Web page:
The Pan-American Health Organization (PAHO) says that at least one in three adults in the Americas, including the Caribbean, has high blood pressure, or hypertension.
PAHO, an arm of the United Nations’ World Health Organization (WHO) said on Wednesday that hypertension is the number-one risk factor for cardiovascular disease and death throughout the world. Hypertension is believed to affect nearly 1 billion people worldwide.
PAHO/WHO has called on health providers to carry out blood pressure checks at every opportunity especially in primary health care settings.
High blood pressure, equal to or above 140/90 mmHg, increases one’s risk of heart attack, stroke, and kidney disease. According to PAHO, studies show that high blood pressure contributes to nearly 9.4 million cardiovascular deaths each year around the world.
In the Americas, cardiovascular disease claims 1.9 million lives each year and is the main cause of death in most of the region’s countries.
“Making sure people know their numbers is a personal responsibility, but it’s also a professional responsibility for doctors, nurses and other healthcare workers,” said PAHO Dominican-born director Dr. Carissa Etienne.
“The good news is that hypertension is both preventable and treatable,” she added. “In some countries, prevention and treatment of high blood pressure and other risk factors have significantly reduced deaths from heart attack and stroke.”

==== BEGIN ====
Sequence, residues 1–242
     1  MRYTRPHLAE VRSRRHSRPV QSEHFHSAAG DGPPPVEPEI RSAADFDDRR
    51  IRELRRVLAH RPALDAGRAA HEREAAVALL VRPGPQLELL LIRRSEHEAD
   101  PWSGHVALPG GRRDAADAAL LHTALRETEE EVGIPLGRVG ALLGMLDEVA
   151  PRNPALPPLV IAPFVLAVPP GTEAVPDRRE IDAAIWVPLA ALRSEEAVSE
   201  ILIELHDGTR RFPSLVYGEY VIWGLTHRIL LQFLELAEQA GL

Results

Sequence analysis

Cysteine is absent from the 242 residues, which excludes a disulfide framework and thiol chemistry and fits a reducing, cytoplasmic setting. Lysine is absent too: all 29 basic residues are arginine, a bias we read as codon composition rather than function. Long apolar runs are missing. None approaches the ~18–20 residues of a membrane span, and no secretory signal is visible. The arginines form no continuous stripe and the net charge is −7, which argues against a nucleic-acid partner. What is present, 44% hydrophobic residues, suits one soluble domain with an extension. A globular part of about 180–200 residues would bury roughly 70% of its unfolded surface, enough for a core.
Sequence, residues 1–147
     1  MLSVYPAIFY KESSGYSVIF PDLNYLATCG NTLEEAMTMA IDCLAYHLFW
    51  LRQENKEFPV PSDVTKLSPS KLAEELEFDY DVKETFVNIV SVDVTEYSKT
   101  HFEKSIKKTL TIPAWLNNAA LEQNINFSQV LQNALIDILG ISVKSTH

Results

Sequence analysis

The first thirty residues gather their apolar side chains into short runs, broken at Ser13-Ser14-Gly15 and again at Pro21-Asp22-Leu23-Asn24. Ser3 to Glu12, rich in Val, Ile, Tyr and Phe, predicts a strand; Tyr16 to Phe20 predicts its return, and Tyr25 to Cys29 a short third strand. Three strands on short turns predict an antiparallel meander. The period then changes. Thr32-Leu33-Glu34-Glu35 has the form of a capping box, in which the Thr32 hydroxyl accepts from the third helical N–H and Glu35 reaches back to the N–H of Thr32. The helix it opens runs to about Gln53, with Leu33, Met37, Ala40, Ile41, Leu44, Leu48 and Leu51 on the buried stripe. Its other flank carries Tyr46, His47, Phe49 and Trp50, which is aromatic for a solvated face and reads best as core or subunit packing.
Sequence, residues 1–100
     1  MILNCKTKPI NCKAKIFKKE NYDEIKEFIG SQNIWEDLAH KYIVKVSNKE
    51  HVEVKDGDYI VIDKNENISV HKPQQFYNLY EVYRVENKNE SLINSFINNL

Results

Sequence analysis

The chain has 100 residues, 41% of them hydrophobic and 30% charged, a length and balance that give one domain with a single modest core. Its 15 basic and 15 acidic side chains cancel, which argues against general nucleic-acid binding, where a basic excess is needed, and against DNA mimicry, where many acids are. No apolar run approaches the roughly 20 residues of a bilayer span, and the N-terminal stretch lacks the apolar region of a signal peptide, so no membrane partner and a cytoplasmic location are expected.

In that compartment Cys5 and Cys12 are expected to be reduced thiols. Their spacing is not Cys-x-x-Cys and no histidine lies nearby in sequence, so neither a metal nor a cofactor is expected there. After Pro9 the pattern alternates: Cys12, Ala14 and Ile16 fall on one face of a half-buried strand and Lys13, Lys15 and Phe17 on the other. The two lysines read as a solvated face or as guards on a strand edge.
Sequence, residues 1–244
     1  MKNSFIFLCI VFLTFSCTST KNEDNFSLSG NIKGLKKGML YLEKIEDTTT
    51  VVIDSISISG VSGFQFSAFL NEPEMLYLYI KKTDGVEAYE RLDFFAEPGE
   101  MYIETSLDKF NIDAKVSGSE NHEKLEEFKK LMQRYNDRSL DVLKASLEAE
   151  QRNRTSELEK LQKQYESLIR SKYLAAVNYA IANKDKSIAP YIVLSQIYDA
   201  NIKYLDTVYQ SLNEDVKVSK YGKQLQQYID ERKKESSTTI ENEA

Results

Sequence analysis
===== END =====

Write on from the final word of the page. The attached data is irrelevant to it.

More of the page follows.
Etienne said although high blood pressure affects about 30 percent of the adult population, a third of them do not know they have the condition as the disease often has no symptoms.Last year, health authorities from throughout the Americas approved a strategy for prevention and control of non-communicable diseases that has the goal of reducing deaths from cardiovascular disease, cancer, diabetes and chronic respiratory diseases by 25 percent by the year 2025.
Reaching this goal would save an estimated 3 million lives in the hemisphere, PAHO said.
In signing onto the strategy, PAHO member countries pledged to prioritize non-communicable diseases in their health and development policies, promote multi-sector dialogue and partnerships, and strengthen measures to reduce risk factors and improve health care coverage.